"Don’t overestimate people’s knowledge, but don’t underestimate their passion" - Richard Curtis
Finally, we’re increasingly opting for sustainability over convenience, and morally corrupting companies are increasingly shunned by consumers. Richard Curtis may be best known as writer and director of British hits like Love, Actually and Notting Hill. But he is also the co-founder and vice-chair of Comic Relief, a UN advocate for the Sustainable Development Goals, and co-founder at Make My Money Matter. At Websummit, Richard discussed why he advocates specifically for ethically invested pensions and what he learned
ABOUT MAKE MY MONEY MATTER
We’re creating a movement calling for the trillions of pounds invested in our UK pensions to build a better world.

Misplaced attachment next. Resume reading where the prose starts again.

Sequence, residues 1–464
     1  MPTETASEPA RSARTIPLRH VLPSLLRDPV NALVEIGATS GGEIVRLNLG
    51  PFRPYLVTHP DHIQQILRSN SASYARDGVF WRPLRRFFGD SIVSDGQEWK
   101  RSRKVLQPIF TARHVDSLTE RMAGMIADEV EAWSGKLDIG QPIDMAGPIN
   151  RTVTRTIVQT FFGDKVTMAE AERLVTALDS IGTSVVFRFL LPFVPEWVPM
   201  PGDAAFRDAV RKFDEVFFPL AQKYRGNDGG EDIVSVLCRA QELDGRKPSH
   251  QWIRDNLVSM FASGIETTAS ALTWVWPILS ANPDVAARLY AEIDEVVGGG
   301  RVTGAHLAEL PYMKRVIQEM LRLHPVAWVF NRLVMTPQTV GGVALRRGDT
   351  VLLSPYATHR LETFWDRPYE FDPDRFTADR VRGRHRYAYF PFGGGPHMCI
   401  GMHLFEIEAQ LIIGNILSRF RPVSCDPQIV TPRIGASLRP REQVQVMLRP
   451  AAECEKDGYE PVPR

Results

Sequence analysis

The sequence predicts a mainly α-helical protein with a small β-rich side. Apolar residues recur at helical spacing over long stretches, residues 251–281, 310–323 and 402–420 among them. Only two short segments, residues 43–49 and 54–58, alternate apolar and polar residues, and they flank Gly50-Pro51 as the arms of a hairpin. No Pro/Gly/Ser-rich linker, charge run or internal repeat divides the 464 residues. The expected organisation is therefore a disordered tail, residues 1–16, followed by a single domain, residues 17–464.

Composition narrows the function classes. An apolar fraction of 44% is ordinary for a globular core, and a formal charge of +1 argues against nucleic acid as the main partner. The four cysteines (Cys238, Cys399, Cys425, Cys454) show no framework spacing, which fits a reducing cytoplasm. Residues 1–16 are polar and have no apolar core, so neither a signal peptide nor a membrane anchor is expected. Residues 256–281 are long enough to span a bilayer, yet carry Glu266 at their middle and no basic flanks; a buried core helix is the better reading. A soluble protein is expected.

WHAT’S THE ISSUE?
There’s £3 trillion in UK pensions. This money is owned by all of us, and is invested to build our savings for the future. But from fossil fuels to tobacco, exploitation to extraction, these investments are often contradicting our values. That’s why we’re calling for our money to be invested in building a future we can be proud of, economies we can rely on, and an environment we can thrive in.
People don’t want to work for companies that are morally corrupt.
The question is: Where is your pension and how is it being invested?
How much control do you have over where your money is going.
How can we make saving engaging?
Comic Relief changed investments.
We can start talking to kids earlier about money.
Money used to be considered not the business of education but this is changing.
Advice on running successful charity campaigns.
Launch, launch and launch again.
Always have a couple of ideas.
Engage with popular culture.
Have young voices.
Make sure that underneath the words is a solid base. Then ignore it a bit and make the populist stuff and the 'inbetween' succeed.
On films and pop-culture
Films shift your understanding.
My films are like comfort food.
The idea of Comic Relief was that everyone should have the right to laugh freely.
The year 2020